Lecture: "Sea otter stories"

Location: Fort Worden Chapel
Date: December 10, 2023


Sunday, December 10
3 p.m.
Fort Worden Chapel
To keep this series accessible to all, regardless of the ability to pay, there is no set charge for the event; however, donations are always welcomed and appreciated.

Assisted Listening Devices available.

"Sea otter stories"
James Bodkin
U.S. Geological Survey

Over the course of about 250 years, beginning about 1750, perhaps a million sea otters were harvested for their fur throughout their range. When the harvest ended 13 small populations remained, all but one along their northern range. Today more than 150,000 sea otters occupy more than half their original range. Other sea otter stories Jim will tell include their relation to the locally abundant river otter, their ecology, predators and other research on sea otters in the wild.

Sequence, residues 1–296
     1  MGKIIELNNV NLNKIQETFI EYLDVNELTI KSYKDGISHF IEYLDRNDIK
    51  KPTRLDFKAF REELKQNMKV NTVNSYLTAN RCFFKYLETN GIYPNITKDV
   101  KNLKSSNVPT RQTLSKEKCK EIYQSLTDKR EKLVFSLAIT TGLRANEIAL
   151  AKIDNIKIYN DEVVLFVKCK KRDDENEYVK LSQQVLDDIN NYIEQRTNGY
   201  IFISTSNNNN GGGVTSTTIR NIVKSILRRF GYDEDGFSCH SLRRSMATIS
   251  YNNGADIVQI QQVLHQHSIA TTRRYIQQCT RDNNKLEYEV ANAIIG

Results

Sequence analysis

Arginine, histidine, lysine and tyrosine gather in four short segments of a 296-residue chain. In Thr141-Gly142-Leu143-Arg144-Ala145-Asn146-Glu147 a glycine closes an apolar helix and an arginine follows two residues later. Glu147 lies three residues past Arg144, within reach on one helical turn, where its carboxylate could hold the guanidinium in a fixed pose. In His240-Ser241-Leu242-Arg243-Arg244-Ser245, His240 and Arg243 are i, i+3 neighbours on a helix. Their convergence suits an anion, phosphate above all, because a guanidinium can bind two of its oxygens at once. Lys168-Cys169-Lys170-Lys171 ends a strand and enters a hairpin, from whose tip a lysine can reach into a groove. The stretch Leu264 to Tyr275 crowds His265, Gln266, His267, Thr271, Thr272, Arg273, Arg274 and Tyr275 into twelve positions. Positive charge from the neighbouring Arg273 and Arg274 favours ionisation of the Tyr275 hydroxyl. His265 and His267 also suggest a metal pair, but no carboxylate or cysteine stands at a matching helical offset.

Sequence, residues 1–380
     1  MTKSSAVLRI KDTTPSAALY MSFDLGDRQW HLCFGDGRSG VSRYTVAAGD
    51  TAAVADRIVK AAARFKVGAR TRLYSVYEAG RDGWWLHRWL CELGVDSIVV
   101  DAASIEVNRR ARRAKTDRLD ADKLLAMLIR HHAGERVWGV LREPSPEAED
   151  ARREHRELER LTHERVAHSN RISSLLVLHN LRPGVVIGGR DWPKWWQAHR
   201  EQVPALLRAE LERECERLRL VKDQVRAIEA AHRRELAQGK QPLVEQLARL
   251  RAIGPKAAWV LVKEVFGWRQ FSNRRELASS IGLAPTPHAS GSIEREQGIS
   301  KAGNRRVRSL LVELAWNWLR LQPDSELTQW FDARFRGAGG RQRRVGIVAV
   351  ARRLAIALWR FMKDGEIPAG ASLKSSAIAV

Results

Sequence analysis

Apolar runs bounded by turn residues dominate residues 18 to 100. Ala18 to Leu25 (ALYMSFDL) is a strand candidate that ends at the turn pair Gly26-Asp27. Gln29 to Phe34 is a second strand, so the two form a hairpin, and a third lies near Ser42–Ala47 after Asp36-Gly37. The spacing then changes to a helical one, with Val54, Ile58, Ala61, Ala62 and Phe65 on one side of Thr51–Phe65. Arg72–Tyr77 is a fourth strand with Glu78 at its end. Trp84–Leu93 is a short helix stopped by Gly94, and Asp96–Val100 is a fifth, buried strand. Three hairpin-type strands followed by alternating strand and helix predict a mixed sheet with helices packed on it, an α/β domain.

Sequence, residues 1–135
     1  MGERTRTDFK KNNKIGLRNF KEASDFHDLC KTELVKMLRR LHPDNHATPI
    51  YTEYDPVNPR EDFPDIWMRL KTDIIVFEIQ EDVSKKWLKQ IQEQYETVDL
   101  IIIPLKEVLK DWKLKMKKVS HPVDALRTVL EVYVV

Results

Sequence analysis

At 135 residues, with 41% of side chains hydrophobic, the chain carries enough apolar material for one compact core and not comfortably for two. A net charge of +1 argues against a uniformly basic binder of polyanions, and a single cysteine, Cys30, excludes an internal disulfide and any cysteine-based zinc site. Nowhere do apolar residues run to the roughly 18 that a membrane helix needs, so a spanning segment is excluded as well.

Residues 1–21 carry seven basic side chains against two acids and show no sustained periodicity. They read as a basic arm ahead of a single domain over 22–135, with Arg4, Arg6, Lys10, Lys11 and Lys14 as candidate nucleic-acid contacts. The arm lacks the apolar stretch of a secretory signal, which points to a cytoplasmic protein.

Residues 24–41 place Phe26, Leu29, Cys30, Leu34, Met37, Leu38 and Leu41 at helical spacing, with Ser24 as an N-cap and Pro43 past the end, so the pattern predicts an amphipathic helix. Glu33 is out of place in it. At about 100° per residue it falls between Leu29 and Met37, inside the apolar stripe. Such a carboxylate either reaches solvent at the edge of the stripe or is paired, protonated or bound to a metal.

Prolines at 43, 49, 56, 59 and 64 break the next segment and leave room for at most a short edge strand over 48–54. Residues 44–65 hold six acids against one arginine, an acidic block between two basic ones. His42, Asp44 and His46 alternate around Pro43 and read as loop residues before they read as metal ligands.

Jim was a research biologist and leader for coastal marine ecosystems research in Alaska until his retirement in 2013 and remains a scientist emeritus with the US Geological Survey, Alaska Science Center. He received degrees in biological science from Long Beach State University and California Polytechnic University, San Luis Obispo, CA. Jim has been studying sea otters and coastal marine ecosystems since 1977 between Russia and Southern California and has published more than 150 peer reviewed manuscripts. Jim currently operates a small biological consulting firm and conducts long term monitoring of coastal marine food webs in the Gulf of Alaska and serves as an advisor to the Sea Otter Foundation and Trust and the Elakha Alliance.

Our lecture series, The Future of Oceans, draws on the commitment of professional researchers and educators across all academic spectrums to help define and inspire the health of our oceans.

Thanks to the Darrow Family for their ongoing support.